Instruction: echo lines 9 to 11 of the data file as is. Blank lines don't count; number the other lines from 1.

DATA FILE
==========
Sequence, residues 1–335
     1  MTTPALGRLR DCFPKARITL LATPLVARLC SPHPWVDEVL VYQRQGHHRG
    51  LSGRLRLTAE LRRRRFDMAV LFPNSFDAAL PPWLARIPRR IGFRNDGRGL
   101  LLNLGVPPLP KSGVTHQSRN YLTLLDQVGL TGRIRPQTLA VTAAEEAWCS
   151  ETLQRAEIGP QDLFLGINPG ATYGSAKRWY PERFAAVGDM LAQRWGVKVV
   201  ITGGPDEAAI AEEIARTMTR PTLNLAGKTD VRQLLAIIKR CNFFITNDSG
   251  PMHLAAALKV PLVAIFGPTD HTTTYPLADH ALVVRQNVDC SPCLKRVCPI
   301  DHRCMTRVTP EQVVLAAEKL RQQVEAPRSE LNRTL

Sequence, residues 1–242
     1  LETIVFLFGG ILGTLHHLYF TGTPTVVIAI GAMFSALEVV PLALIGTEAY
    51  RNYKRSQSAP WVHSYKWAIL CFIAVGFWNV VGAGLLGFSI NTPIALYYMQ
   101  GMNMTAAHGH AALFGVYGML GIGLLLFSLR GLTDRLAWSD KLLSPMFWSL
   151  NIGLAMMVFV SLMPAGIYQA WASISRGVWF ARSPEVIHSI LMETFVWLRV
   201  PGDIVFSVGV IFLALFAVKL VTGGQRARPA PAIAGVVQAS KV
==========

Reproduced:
Sequence, residues 1–242
     1  LETIVFLFGG ILGTLHHLYF TGTPTVVIAI GAMFSALEVV PLALIGTEAY
    51  RNYKRSQSAP WVHSYKWAIL CFIAVGFWNV VGAGLLGFSI NTPIALYYMQ